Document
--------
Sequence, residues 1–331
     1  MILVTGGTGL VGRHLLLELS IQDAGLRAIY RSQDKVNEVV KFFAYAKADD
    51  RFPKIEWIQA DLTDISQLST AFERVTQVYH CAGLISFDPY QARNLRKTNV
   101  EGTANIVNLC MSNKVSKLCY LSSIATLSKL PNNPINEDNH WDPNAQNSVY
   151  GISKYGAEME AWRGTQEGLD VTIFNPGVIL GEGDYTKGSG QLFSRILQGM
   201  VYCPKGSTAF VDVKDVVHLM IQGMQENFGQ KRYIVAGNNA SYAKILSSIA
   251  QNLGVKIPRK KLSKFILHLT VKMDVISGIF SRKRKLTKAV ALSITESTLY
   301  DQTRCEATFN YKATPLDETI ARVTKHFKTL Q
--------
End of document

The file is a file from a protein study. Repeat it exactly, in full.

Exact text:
Sequence, residues 1–331
     1  MILVTGGTGL VGRHLLLELS IQDAGLRAIY RSQDKVNEVV KFFAYAKADD
    51  RFPKIEWIQA DLTDISQLST AFERVTQVYH CAGLISFDPY QARNLRKTNV
   101  EGTANIVNLC MSNKVSKLCY LSSIATLSKL PNNPINEDNH WDPNAQNSVY
   151  GISKYGAEME AWRGTQEGLD VTIFNPGVIL GEGDYTKGSG QLFSRILQGM
   201  VYCPKGSTAF VDVKDVVHLM IQGMQENFGQ KRYIVAGNNA SYAKILSSIA
   251  QNLGVKIPRK KLSKFILHLT VKMDVISGIF SRKRKLTKAV ALSITESTLY
   301  DQTRCEATFN YKATPLDETI ARVTKHFKTL Q